These lyrics relate not only to his lack of creative opportunities, but to the business arrangements at the time. Northern Songs was a publishing company setup in 1963 to exploit usage of all Beatles songs. As most were penned by Lennon/McCartney, they were offered 15% of the company each. Harrison got just 1%.

In later years, Harrison wrote more and more songs (Taxman, While My Guitar Gently Weeps, Something), but his share of the company did not increase. Therefore, for a time, John and Paul were earning more publishing revenue from George’s songs than George was himself. Welcome to the music biz, George.

For those with an interest in the business side, the story continues. Northern Songs was floated on the stock exchange in 1965, then bought by Associated Television (ATV) four years later. In one of the shrewdest business moves of the decade, Michael Jackson bought ATV in 1985 for a bargain price of $50m, thankfully putting an end to any more dreadful Macca collaborations.

ATV merged with Sony Publishing in 1995 to form SonyATV, now the largest music publisher globally.

Well I find it interesting anyway.


7. Oh! Darling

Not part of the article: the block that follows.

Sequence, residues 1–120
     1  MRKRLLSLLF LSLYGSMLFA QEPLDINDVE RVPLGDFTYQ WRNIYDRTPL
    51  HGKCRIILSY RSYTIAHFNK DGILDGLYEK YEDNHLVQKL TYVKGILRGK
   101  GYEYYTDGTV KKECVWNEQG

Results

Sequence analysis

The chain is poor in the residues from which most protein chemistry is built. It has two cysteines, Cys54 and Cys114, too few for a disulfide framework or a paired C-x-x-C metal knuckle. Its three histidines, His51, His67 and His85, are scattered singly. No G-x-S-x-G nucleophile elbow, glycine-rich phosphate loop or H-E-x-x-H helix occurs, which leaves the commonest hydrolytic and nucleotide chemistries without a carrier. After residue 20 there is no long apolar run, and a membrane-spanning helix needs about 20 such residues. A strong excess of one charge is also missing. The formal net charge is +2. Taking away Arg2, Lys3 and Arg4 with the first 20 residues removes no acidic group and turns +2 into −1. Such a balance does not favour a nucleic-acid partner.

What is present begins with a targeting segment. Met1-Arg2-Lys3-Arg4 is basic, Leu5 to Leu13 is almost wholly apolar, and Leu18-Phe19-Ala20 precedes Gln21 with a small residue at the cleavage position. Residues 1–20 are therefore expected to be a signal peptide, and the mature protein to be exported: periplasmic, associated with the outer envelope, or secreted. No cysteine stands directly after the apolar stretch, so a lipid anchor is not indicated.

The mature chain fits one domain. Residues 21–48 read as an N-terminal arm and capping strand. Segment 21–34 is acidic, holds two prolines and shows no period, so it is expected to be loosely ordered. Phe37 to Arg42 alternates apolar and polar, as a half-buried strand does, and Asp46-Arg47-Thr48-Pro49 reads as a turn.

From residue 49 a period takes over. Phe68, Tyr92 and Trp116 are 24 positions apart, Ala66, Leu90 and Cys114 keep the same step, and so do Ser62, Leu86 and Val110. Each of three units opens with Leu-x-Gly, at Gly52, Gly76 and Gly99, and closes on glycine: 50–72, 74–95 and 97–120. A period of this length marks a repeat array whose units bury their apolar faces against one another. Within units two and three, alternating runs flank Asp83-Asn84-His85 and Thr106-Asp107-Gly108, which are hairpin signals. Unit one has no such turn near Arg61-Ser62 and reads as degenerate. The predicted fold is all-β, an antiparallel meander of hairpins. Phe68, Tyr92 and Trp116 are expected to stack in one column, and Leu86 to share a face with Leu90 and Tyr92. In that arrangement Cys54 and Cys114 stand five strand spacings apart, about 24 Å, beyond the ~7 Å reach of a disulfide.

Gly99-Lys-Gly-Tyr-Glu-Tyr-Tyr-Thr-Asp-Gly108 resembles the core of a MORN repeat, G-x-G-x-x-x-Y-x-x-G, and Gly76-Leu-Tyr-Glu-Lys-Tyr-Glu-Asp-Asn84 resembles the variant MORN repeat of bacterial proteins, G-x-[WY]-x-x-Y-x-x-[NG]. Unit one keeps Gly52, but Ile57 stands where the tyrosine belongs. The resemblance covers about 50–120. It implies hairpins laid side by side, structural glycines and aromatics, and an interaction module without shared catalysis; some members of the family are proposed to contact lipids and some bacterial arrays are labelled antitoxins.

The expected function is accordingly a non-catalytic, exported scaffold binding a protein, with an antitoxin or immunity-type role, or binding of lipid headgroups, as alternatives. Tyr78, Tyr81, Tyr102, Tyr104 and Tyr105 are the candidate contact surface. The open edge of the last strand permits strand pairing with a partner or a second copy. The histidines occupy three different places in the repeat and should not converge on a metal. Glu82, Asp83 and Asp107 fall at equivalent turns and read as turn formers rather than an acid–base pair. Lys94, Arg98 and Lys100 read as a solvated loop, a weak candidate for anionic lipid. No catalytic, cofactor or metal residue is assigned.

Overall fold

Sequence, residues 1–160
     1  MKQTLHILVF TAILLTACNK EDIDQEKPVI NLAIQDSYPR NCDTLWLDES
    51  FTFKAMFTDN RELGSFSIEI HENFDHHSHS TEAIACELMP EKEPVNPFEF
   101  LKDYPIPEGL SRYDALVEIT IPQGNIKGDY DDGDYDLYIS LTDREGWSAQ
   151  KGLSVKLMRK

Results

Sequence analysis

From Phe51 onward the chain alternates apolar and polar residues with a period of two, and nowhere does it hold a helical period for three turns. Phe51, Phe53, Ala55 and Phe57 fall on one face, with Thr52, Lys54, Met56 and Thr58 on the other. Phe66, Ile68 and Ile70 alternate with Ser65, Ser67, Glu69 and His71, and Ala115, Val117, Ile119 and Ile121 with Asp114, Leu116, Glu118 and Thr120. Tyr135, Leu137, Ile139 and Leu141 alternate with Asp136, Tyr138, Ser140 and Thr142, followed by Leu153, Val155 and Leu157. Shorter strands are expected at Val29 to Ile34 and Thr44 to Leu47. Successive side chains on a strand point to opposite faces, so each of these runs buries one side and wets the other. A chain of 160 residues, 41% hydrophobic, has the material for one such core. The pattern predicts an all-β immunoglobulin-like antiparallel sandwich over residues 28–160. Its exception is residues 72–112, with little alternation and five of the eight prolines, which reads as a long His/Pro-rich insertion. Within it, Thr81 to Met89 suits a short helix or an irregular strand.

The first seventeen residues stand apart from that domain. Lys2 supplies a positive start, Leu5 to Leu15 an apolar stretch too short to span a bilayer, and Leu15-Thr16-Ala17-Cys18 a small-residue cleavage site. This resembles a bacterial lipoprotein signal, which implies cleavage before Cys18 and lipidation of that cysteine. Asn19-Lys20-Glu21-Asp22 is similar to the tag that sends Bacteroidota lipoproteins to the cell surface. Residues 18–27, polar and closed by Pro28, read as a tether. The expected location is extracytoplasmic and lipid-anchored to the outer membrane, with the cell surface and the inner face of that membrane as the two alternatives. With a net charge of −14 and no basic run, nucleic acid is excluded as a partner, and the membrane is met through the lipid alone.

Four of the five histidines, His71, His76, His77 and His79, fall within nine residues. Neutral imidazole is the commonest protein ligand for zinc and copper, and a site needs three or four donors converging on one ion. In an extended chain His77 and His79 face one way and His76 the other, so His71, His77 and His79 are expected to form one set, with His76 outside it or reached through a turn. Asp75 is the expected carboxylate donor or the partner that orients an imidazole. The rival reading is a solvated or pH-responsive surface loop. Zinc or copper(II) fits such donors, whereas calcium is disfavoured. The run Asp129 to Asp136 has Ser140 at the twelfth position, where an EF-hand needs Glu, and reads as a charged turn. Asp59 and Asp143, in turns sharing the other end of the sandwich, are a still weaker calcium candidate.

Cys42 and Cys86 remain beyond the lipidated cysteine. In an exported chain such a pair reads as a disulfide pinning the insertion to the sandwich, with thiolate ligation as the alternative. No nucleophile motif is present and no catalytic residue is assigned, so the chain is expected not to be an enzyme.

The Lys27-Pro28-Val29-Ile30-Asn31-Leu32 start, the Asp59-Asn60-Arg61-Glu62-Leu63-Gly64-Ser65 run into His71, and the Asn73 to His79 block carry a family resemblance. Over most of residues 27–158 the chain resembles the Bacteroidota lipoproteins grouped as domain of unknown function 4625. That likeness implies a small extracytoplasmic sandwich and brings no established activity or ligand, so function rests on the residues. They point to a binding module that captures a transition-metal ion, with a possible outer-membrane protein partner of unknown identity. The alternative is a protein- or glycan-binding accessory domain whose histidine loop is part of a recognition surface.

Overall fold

It’s 1969, and The Beatles are close to splitting. They’re together for one last hurrah, a recording stint that would become the album Abbey Road.

Though they no longer write collaboratively, they’re still fiercely competitive. Macca writes an old style rocker that needs a screaming vocal, but instead of passing it to Lennon (who’s voice would suit it perfectly) he stubbornly keeps the track for himself.

John is furious, but Paul is determined to do it justice. He arrives early at the studio every morning for a week to heavily practise the vocal. By the Friday his voice has been torn to shreds, allowing him to record the strained, last ditch take take we hear on the finished version. Take that, John.


6. For No One

‘Revolver’ is justifiably lauded by critics, but For No One is often overlooked in favour of the more famous Eleanor Rigby. It stands out to me as one of the most heartbreaking Beatles tracks, and is a testament to the evolution of Paul’s songwriting.

At its core is a standard breakup song but rather than focus on the teenage emotions, we’re led through the seemingly mundane day-to-day moments that hurtle us towards the obvious conclusion.